A man whose mind exploded and young chess prodigies are showcased in a groundbreaking Brighton and Hove film festival.

CineCity takes place at venues across the city later this month and features the cutting-edge work of home grown talent.

Brighton-based Toby Amies debut feature documentary is a documentary about Drako Zarhazar who suffered from a bizarre condition known as anterograde(corr) amnesia and was unable to create memories.

Algorithms, directed by Ian McDonald, is a documentary shot in India focusing on a group of boys who dream of becoming chess masters in the mystifying world of blind chess.

This year the festival will also include films from Singapore, Laos, Kurdistan, China, Iran, India, Israel, Mexico, as well as Poland, Czech Republic, Scandinavia, France and the US.

The award-winning roster includes A Touch of Sin, winner of Best Screenplay at this year's Cannes Film Festival; and The Rocket, winner of Audience Awards at Sydney, Melbourne and Tribeca Film Festivals and Best First Feature at the Berlin Film Festival.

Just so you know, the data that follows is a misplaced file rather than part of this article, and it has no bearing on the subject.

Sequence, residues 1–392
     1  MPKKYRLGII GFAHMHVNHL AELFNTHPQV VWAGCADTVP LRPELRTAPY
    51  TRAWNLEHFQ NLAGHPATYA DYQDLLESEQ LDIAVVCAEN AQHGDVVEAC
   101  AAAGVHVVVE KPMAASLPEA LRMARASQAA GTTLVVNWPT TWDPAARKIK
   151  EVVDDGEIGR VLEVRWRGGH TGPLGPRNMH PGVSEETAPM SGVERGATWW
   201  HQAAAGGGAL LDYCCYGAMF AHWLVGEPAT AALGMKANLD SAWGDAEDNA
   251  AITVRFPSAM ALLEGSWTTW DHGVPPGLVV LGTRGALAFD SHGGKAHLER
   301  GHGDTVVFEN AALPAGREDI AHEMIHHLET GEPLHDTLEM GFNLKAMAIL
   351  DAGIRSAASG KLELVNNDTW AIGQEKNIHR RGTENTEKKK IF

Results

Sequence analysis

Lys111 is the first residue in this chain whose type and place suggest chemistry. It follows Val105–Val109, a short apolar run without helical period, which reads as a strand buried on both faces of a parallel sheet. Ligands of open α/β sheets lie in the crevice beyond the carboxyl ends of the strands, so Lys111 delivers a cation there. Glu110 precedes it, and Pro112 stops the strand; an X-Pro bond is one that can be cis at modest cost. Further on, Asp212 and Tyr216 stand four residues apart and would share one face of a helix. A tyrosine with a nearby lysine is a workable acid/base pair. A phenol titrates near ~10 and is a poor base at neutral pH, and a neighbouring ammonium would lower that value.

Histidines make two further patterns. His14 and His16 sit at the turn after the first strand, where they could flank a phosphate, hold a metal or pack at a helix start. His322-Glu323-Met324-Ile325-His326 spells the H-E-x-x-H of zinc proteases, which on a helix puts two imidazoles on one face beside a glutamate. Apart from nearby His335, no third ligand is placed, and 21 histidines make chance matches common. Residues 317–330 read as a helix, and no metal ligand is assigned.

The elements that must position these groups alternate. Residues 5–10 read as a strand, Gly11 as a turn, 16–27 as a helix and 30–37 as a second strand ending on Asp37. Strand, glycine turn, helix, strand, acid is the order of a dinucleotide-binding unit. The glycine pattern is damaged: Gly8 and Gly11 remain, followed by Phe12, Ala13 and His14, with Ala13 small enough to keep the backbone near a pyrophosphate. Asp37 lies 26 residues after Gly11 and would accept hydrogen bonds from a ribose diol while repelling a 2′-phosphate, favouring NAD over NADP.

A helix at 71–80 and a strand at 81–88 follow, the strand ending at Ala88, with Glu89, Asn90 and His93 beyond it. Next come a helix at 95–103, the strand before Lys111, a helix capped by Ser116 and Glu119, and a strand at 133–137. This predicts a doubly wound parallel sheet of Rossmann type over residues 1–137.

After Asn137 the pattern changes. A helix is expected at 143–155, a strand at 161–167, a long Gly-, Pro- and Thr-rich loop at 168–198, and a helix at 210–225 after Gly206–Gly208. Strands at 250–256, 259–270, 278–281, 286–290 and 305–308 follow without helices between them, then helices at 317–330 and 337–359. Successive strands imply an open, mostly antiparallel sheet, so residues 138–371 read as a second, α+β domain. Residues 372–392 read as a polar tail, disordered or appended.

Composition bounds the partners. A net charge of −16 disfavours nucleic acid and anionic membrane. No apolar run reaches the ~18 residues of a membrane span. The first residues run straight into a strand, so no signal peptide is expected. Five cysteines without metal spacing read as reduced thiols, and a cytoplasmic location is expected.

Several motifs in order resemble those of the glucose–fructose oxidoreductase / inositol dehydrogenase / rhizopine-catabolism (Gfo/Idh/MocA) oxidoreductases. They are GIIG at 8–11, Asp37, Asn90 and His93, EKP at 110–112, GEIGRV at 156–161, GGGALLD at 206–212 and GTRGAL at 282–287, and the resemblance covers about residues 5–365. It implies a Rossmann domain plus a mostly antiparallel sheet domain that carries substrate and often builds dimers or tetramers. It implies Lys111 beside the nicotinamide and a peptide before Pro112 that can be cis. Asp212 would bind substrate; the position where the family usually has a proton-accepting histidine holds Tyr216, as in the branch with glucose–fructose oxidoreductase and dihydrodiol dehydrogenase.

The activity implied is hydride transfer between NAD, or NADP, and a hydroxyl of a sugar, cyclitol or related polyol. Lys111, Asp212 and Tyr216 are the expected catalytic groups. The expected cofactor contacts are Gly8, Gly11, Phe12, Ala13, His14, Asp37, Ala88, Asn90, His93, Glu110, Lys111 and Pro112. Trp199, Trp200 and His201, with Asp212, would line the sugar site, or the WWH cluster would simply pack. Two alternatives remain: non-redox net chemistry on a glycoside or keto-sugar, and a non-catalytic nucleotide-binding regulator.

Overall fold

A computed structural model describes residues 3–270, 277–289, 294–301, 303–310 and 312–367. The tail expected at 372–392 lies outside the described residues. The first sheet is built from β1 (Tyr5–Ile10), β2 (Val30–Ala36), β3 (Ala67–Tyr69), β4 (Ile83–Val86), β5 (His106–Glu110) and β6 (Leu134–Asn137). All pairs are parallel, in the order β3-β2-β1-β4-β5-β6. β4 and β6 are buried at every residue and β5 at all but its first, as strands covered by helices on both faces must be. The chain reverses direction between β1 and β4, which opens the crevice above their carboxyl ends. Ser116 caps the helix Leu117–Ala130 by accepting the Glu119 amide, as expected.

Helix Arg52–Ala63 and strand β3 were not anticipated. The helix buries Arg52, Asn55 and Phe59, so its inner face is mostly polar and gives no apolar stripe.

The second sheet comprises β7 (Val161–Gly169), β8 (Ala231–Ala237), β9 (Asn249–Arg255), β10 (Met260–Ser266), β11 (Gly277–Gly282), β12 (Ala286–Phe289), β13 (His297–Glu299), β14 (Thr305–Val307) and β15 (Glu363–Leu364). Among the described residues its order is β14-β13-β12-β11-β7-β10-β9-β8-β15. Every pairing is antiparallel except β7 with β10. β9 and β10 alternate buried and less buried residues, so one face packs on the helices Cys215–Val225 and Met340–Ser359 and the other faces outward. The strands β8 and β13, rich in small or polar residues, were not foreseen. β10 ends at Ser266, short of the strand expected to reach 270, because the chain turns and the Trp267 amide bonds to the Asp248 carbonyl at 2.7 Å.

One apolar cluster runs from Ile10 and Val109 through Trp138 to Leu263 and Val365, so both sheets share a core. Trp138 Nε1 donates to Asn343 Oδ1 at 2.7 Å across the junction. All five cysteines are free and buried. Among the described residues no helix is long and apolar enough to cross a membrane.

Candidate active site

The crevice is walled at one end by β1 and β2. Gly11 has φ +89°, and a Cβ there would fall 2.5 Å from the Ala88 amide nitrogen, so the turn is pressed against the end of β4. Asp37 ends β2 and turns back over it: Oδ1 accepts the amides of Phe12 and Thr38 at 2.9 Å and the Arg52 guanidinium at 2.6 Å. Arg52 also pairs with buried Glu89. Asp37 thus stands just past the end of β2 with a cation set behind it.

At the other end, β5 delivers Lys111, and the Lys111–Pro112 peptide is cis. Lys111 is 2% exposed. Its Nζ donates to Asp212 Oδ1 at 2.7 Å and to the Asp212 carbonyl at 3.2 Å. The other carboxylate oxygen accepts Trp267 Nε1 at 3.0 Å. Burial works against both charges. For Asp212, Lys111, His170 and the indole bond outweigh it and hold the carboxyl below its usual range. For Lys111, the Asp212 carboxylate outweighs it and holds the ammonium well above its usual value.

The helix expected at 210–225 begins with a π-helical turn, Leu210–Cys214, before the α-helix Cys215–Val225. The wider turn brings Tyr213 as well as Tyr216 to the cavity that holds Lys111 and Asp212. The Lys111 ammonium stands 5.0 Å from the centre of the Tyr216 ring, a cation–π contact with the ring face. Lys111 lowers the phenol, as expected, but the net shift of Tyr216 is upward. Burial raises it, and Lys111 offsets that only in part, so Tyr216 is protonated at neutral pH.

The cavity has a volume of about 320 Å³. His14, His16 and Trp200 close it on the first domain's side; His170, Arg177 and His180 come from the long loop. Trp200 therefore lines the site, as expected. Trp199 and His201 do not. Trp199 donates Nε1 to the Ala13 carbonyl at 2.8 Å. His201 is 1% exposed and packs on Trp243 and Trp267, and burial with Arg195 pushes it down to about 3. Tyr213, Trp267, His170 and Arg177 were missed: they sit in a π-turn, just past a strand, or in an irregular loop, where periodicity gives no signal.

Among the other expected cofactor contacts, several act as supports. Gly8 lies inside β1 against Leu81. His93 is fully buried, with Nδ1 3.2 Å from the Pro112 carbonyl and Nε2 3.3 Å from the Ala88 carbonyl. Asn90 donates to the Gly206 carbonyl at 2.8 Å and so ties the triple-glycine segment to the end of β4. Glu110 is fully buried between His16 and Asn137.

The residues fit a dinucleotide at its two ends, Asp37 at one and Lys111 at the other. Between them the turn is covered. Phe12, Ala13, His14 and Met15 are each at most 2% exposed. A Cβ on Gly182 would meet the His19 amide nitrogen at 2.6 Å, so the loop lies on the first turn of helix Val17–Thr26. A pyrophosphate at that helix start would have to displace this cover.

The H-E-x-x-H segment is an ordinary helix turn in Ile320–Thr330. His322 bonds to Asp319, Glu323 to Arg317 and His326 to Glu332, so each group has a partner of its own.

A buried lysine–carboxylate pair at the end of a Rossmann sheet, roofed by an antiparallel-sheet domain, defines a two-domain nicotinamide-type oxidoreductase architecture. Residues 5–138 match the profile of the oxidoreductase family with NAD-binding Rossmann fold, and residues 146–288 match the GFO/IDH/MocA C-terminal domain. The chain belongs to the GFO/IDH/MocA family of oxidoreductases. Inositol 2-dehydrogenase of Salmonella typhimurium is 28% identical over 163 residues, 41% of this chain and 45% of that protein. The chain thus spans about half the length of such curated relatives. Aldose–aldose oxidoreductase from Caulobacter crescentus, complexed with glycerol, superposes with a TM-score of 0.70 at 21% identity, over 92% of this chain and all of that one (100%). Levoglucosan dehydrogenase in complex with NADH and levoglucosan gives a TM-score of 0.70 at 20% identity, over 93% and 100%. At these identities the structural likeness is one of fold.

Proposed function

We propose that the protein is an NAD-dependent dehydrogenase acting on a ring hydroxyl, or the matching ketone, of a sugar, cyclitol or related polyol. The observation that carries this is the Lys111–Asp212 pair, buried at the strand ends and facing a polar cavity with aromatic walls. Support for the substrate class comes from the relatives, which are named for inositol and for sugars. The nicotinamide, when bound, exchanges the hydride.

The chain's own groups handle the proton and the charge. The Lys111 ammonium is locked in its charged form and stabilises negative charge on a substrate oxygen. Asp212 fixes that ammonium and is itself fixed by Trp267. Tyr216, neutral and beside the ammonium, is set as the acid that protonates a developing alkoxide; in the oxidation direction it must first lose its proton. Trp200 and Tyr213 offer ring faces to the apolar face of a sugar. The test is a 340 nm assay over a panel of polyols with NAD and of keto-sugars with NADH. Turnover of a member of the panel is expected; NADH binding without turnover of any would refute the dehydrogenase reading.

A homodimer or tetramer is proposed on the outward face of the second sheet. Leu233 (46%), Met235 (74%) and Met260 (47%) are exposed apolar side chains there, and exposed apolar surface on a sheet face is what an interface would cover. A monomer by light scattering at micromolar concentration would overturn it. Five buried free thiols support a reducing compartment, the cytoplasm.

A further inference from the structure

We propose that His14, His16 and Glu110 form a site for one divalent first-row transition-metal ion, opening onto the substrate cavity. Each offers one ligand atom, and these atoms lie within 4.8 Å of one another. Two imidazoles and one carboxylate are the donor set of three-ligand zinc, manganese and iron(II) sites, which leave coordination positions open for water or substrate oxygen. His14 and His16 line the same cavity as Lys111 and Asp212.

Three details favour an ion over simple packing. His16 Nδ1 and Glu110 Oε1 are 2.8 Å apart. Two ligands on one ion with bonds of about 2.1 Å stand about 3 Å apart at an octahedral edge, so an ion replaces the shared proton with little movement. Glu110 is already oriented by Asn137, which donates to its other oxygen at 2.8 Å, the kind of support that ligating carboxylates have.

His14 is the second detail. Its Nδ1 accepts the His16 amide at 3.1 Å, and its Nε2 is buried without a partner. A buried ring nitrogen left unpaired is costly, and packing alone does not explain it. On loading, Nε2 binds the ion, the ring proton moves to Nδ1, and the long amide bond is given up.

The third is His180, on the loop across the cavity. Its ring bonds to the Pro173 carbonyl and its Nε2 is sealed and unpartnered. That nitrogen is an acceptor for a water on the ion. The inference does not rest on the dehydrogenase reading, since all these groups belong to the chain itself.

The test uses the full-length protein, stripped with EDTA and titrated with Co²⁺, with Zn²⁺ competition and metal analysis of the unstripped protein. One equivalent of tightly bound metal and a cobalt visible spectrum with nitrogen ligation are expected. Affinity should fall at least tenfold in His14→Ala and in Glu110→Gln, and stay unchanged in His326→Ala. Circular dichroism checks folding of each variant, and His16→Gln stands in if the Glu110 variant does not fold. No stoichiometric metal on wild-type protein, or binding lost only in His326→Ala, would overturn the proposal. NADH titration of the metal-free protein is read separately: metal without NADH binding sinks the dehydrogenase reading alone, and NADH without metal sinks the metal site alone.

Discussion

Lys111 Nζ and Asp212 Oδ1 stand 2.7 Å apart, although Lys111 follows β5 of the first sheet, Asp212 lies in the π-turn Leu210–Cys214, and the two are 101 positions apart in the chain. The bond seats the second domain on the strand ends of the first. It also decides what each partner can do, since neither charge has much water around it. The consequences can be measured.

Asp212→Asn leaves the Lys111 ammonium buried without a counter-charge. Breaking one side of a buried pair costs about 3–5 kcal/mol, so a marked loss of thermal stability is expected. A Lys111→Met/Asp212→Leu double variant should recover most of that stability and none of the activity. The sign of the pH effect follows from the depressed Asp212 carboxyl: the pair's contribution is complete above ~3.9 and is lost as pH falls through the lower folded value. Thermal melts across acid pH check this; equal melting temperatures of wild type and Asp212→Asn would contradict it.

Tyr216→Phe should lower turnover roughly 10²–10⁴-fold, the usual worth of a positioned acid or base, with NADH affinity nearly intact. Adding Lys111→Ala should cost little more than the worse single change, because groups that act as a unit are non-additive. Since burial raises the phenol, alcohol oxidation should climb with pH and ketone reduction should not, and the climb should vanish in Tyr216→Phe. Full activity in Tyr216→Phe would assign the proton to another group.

Czech surrealist Jan Švankmajer is at the heart of the festival, including an exhibition at the University of Brighton that features sets, puppets, costumes, and artwork from many of his acclaimed films including Alice, Punch and Judy and Little Otik.

Tickets for all screenings are now on sale and the principal venues are the Duke of York's Picturehouse and the two-screen cinema at Dukes@Komedia.

Pictured left to right: Toby Amies, director of The Man Whose Mind Exploded; Geetha Jay - producer, Algorithms; Tim Brown, co-director, Brighton Film Festival; Ian Macdonald, director, Algorithms; Lisa Wolfe, marketing manager, Oska Bright; and Colin Orre, general manager, Duke of Yorks